War of the Rebellion: Serial 016 Page 0807 APPENDIX.

Search Civil War Official Records

Received too late for insertion in proper sequence.

AUGUST 9, 1862. - Battle of Cedar Run or Cedar (or Slaughter) Mountain, Va.

Report of Brigadier General George H. Gordon, U. S. Army, commanding Third Brigade, First Division, Second Corps, Army of Virginia.

HEADQUARTERS THIRD BRIGADE,

Camp near Culpeper, August 11, 1862.

SIR: I have the honor to make the following report of the part taken by my brigade in the recent battle of Saturday, August 9, at Cedar Mountain, with the enemy under General (Stonewall) Jackson:

At 9 a. m. on the morning of the 9th, after a hurried march of the day before, which was prolonged until 12 o'clock at night, I received orders to remove my brigade from the town of Culpeper, where we were in bivouac, rapidly to the front, as General Crawford, commanding First Brigade, First Division, had been attacked and required assistance. My command was put in motion at once, and reached the position of General Crawford at about 12 a. m. I was directed by General Roberts, of General Pope's staff, to take position on the extreme right, which I occupied with three regiments of infantry and two batteries.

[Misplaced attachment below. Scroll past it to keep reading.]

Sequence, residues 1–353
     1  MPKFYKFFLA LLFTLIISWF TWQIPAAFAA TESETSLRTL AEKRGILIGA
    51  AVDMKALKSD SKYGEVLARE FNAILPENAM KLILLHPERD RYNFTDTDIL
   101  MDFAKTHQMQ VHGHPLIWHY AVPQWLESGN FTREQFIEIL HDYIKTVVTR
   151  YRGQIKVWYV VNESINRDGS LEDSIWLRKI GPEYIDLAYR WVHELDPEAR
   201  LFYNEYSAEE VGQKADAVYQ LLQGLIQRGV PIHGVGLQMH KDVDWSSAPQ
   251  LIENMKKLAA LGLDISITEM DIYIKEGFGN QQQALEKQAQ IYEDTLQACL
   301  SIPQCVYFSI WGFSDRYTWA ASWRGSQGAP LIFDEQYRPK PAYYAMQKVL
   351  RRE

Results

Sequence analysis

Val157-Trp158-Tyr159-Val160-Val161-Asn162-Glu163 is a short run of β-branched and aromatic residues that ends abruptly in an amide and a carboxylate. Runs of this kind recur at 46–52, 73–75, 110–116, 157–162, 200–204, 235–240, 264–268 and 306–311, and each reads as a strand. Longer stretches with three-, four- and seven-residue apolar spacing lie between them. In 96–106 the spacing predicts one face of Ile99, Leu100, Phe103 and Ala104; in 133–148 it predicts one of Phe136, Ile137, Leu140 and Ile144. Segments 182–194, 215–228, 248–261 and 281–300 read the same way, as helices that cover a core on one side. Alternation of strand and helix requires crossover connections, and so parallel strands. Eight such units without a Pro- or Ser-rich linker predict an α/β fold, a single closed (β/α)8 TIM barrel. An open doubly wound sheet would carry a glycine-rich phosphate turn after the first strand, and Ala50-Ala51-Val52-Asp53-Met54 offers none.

Until 4 p. m. only a few discharges from the enemy's guns announced his presence. At this hour a severe cannonading began, extending from the left of our line across the road upon which our center rested. Our batteries, served with great vigor, responded manfully, and with such success that the whole of our left, consisting of General Augur's division, advanced considerably from its first position, notwithstanding the enemy occupied a height which have him advantages of a plunging fire. Until 5.30 p. m. this artillery practice continued with unabated severity. At this hour I heard quite a rapid musketry firing in my front, behind a range of timber distant about one-third of a mile from my position. I received an order to move at once with my brigade and support General Crawford, who was engaging the enemy's left. I moved rapidly from my well-chosen and exceedingly strong position, gaining the scene of action as briefly as a double-quick movement could carry me. I led into action the Second Massachusetts Regiment, Colonel G. L. Andrews; the Third Wisconsin, Colonel Ruger; and the Twenty-seventh Indiana, Colonel Colgrove. I should state that five companies of the Third Wisconsin Regiment, previously deployed as skirmishers in this same timber, had been ordered by General Williams to join Gen-